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Per Diem Allowances

by Paula N. Singer

Employers are allowed to exclude from income an employee’s business-related travel expenses as a working condition fringe benefit under Section 132 when the amounts are paid or reimbursed under an accountable plan. To be excluded from income, the business-related travel expense amounts must be substantiated by receipts for actual expenses or direct payments to vendors. The IRS provides alternative substantiation rules in Revenue Procedure 2009-47 [Oct. 19, 2009] (updated annually) under which business-related travel expenses may be deemed substantiated by a per diem allowance in lieu of actual expenses.
The IRS revenue procedure defines a per diem allowance as a payment under a reimbursement or other expense allowance arrangement that is:

  • Paid with respect to ordinary and necessary business expenses incurred, or reasonably anticipated to be incurred,
  • Reasonably calculated not to exceed the amount of the expenses or the anticipated expenses, and
  • Paid at or below the applicable federal per diem rate.

Amounts that exceed the allowable per diem amount for the location are treated either as wages or self-employment income for tax purposes (depending on the relationship of the worker to the organization), unless the worker otherwise substantiates all of the expenses covered by the per diem allowance.

Two Substantiation Methods
Employers may use either of two substantiation methods: 1) the standard federal rate method or 2) the high-low rate method.

Under the standard federal rate method, an employer may pay its employees a rate for lodging, meals, and incidentals, or for meals and incidental expenses only (M&IE), while they are traveling away from home to a particular location. The rate, which varies by location and time of year, is the highest rate that the federal government pays to its employees.

The high-low rate method eliminates the need to keep a current list of per diem rates for each location. Locations indicated as high-cost by the IRS are eligible for the high-cost rate - $258 ($65 M&IE) per diem, effective October 1, 2009. For travel on or after October 1, 2009, the per diem for all other localities is $163 ($52 M&IE).

The M&IE rate must be prorated for partial days of travel under both methods.
Standard federal rates generally become effective on October 1st as do the high-low rates. For the last three months of the calendar year, the IRS allows employers to change to the new rates or to finish out the year with the rates that they were using. Table 11-1 of IRS Publication 535, Business Expenses, describes when per diem allowances must be reported depending on how they compare to the federal rates.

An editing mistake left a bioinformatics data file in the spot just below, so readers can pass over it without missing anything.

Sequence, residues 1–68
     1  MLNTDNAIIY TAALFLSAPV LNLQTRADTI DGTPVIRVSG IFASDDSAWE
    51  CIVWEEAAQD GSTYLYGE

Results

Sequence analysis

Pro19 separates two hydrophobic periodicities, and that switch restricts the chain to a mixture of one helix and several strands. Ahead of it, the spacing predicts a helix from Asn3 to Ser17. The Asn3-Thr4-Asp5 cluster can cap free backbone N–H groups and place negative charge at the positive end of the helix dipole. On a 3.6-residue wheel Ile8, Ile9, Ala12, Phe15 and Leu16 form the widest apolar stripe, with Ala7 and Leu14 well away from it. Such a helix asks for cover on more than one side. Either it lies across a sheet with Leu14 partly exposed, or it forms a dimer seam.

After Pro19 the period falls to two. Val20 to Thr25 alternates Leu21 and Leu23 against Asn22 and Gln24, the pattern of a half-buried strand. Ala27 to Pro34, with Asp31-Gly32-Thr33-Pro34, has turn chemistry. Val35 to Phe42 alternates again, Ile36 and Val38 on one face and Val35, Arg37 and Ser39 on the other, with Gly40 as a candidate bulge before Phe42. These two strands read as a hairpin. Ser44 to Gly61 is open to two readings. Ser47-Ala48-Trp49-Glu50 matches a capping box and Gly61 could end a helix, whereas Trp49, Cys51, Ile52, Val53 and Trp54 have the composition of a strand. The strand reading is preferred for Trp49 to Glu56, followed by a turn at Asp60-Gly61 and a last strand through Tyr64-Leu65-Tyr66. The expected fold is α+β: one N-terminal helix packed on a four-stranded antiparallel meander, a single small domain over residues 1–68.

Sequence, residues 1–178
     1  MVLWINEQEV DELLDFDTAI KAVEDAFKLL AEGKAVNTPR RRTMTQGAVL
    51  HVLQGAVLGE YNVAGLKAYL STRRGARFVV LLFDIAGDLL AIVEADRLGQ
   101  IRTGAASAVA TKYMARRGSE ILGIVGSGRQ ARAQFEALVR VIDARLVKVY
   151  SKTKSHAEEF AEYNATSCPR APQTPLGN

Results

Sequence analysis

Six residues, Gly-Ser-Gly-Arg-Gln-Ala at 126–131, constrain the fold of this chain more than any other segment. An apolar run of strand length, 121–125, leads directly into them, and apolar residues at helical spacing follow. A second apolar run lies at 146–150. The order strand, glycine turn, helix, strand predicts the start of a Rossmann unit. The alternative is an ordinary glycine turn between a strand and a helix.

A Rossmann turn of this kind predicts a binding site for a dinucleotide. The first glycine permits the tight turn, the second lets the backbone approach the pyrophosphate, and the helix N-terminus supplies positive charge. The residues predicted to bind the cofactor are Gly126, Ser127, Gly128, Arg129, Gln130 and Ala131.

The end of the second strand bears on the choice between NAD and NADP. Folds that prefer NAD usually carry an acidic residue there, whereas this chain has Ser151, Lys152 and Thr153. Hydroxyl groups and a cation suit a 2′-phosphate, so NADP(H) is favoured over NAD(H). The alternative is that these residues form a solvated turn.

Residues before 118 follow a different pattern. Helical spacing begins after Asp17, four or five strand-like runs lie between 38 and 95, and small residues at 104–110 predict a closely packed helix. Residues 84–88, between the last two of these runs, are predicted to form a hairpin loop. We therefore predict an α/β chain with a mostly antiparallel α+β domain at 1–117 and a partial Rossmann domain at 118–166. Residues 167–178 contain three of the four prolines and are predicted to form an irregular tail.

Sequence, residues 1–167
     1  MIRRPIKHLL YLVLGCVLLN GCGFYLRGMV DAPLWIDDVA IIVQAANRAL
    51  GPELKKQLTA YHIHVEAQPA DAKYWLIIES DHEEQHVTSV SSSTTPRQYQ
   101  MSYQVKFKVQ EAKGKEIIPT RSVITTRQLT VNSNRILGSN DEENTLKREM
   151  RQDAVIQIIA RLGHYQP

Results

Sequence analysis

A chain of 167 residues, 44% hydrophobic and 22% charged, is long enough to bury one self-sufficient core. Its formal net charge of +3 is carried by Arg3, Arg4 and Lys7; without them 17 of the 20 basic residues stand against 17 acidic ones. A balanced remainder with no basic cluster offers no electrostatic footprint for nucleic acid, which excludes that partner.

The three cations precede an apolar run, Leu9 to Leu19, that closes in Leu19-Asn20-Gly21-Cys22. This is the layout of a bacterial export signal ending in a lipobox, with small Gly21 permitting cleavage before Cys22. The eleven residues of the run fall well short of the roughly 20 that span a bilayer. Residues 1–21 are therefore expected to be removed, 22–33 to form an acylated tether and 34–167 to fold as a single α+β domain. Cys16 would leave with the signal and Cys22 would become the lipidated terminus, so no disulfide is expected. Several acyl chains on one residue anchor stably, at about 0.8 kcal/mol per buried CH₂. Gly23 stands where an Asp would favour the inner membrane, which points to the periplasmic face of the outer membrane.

Independent Contractors
Although the regulations under Section 132 extend the accountable plan rule to independent contractors providing services to the employer, the deemed substantiation rule for per diems paid to independent contractors is different than the rule for employees. Independent contractors may not use the per diem amounts that include lodging as well as meal and incidental expenses. For independent contractors, lodging expenses must be substantiated under the regular accountable plan rules in order to be excludable.

The IRS revenue procedure provides an optional method for employees and independent contractors who are not reimbursed when computing the amounts for business meals and incidental expenses (M&IE), or for incidental expenses only if no meal expenses are paid or incurred, while traveling away from home.

Sources of Per Diem Rates
Allowable per diem amounts are available on the Internet on the website of the General Services Administration (GSA) at Click on “Per Diem Rates” for links to per diem rates for:

  • Travel within the continental United States (CONUS)
  • Travel within areas outside the continental United States (OCONUS) such as Alaska, Hawaii, Puerto Rico, and U.S. possessions
  • Travel within foreign locations

Copyright 2010 by Windstar Technologies, Inc. Windstar reserves all rights to this electronic material. Information contained in this publication is based on the best information available at the time of publication. While believing the information in this publication to be accurate, Windstar accepts no legal responsibility for its accuracy

About The Author

Paula N. Singer, Esq. chairman of Windstar Technologies, Inc. and partner in the tax law firm, Vacovec, Mayotte & Singer, Newton, MA, has over 25 years of experience providing advice and compliance services to employers on cross-border employment matters. She is also the editor of "US Tax Compliance For Immigrants And Employers: The Lawyer's Complete Guide". To learn more, see: For more information, visit For additional information, call 1-800-259-6398 or email:

The opinions expressed in this article do not necessarily reflect the opinion of ILW.COM.